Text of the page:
or followers of Son Moon, Opus Dei, Fundamentalist Christians, the list gets larger and longer.

    We need to go back to real spirit of Jesus and once again,”Dream the Impossible Dream”.
    We need loving and caring people. Give the institution a rest. Let it chill out for a while..Maybe, after a period of tranquility, something more powerful in terms of real love and hope will emerge. And then, we might find a world community that really understands what life is all about and what we must do to care for each other and not condemn nor ostracize
    one another other.
    “To Dream the Impossilbe dream…..”

  11. Kate, hadit, your wealth of words give credence to an adult-thinking faith-filled person of integrity. You are so correct in your observations. Rock on, Kate!

  12. Father W and Kate…I think the nuns came to your moment of enlightenment quite some time ago, (although, unlike ourselves, the nuns may have to deal with institutional issues, given recent Vatican critique….unless they ‘decanonize’ ….which could happen.)

    The LCWR nuns have been quietly and effectively working under the institutional ‘radar screen’ at the ‘margins’ of our society to live out Matthew 25. Sister Maureen had mentioned Sister Pat Farrell’s NPR remarks and I put the citation on this ‘thread’…it’s powerful and long…And you really get the sense of a very balanced and determined approach to areas of the nun’s poverty concerns!

    NETWORK has been fabulous. They effectively lobby at the national level for folks on those margins…They were highly instrumental in health care reform. President Obama, at the signing ceremony told Simone that they were the ‘tipping point’ on the health care bill.
    But it’s not just health care reform….the Ryan budget is a matter of huge concern if you care about the poor, as NETWORK clearly does. So are many other legislative ‘challenges’.

    That bus tour is a very striking example of this discussion….those nuns, moving deliberately through 9 states, visited the soup kitchens, homeless shelters et al run by nuns…they also visited national legislators offices and attempted to discuss the national budget impact of proposed legislation on folks at the margin. Interestingly enough, the bishops had provided them with some useful material asking for a fairer budget for the poor. The bus tour was met by a great deal of spontaneous public support….from folks of many political and religious persuasions, that supported the nuns efforts.

    I think in many ways that bus tour was a microcosm of our present discussion. It certainly was not hierarchically supported, it was run by an organization the Vatican had named as part of its nun critique. The players were the folks the Vatican is investigating. Support came from a vast array of folks from many traditions…..And it’s agenda was helping the poor.

    If your focus shifts from fighting institutional intransigence to religious reform to, as Kate says ‘to serving the least among us’ I think you will find that you will still butt your head up against hierarchical intransigence…as opposition to social programs that genuinely help the poor may well be supported by the hierarchy…..but as one who has played that game, it can be incrementally won….And there are many many fine people in that camp.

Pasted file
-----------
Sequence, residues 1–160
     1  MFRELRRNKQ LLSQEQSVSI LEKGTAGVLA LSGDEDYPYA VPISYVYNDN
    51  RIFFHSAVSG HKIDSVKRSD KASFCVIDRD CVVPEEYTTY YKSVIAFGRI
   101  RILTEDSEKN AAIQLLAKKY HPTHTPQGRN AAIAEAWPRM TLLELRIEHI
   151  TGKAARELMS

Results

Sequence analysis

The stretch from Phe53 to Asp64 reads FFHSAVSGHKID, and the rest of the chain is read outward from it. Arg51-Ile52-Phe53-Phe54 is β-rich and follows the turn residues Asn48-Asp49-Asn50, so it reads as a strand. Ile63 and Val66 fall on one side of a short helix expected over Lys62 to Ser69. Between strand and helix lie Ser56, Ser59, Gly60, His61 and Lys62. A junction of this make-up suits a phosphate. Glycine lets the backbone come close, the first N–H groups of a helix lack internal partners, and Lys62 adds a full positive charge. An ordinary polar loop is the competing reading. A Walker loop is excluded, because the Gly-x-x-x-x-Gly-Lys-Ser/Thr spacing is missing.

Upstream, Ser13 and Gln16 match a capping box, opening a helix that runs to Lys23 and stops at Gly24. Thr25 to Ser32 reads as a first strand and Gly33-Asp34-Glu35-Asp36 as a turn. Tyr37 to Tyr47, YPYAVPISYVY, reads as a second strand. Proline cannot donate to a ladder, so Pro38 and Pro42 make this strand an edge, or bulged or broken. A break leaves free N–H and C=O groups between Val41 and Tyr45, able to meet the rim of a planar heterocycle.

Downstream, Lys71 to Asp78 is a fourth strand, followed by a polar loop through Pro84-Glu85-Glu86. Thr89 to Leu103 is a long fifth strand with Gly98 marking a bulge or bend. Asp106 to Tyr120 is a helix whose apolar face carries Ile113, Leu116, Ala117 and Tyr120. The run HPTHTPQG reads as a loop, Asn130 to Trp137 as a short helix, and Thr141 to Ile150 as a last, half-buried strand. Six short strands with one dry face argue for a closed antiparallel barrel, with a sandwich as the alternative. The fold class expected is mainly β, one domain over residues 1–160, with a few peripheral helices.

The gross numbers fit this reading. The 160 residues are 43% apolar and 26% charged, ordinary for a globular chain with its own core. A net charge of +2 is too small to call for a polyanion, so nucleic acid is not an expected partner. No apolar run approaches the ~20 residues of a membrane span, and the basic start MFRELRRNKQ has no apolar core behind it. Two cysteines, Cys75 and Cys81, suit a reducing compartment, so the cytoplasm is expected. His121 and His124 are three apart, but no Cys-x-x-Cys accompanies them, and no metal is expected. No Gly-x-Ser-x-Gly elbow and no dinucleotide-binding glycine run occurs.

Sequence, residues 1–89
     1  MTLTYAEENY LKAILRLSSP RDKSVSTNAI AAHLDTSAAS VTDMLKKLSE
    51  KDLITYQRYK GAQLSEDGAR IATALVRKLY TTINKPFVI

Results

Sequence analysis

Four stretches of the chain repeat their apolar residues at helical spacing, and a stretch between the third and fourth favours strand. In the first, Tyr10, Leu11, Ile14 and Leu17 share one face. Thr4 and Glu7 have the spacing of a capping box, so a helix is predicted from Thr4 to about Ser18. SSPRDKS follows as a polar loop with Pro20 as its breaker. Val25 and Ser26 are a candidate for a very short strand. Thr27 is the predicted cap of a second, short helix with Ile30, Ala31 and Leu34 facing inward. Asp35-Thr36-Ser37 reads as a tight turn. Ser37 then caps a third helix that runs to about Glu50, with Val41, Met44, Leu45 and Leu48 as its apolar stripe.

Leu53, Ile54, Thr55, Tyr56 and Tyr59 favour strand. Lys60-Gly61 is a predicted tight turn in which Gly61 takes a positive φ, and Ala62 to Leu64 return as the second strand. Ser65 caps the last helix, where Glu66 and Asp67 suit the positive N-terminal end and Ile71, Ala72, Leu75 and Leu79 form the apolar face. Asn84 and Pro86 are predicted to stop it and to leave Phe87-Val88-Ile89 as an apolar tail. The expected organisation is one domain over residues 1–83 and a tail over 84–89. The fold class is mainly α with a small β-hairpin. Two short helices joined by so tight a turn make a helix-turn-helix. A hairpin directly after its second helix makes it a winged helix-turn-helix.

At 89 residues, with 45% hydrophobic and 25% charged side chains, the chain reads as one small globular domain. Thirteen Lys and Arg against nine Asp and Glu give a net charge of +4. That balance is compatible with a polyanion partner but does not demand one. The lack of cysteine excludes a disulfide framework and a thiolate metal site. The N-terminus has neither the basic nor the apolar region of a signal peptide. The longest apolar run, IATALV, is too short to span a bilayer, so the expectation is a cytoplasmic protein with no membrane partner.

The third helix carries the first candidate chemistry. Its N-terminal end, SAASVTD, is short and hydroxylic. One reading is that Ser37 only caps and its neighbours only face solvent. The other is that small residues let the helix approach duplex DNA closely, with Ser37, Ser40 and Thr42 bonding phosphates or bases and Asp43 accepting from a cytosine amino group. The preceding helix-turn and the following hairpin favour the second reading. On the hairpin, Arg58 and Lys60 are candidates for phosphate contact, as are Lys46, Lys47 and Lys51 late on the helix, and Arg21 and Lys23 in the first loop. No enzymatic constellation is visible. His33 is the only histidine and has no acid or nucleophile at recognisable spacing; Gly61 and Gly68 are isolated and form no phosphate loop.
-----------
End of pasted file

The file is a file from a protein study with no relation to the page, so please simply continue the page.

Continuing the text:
I also think that the key issue on C4C of supporting abuse victims and protecting innocent children is best addressed in the courts, prosecutorially and legislatively and I surely hope that everyone is a player on THIS issue. My comments are in no way meant to minimize the hideousness of abuse and the huge need to clean this act up.

    I have always worked personally on the principle of priority of need. Or put another way, I will give time, money and lots of attention to the most vulnerable amongst us….and God knows that abuse victims are at the top of the list.

    • “…..the nuns may have to deal with institutional issues, given recent Vatican critique….unless they ‘decanonize’ ….which could happen.)..”

      Are there not worse things that can happen than being “decanonized”? Why do these orders of nuns put up with “silencing” and other humiliations from the Vatican? Why can’t they disassociate from Vatican control and just go on with their work?
      Do these orders stand to lose vital assets or benefactors if they are decanonized?

      • As the problem was explained to me the nuns have considerable assets from charitable contributions that support their work. The church, may be concerned the nuns might leave and what would happen to these assets. If they leave without the assets they would lose their identification with the church. If they leave with the assets well who can say, it might be a charismatic moment. Of course, they would lose tax exempt status which might happen to the church as a whole anyway. There are movements in that direction here and in other countries.
        Of course there is nothing to stop the laity from supporting the nuns outside the church, and they could certainly come up with laity identification for themselves based on my observation of their caring, creative and management skills. The nuns are being very contemplative and gracious while many on the other side shout in indignation. The nuns are doing God’s work, and are loved and supported by many. The church will lose but that’s becoming commonplace for the church.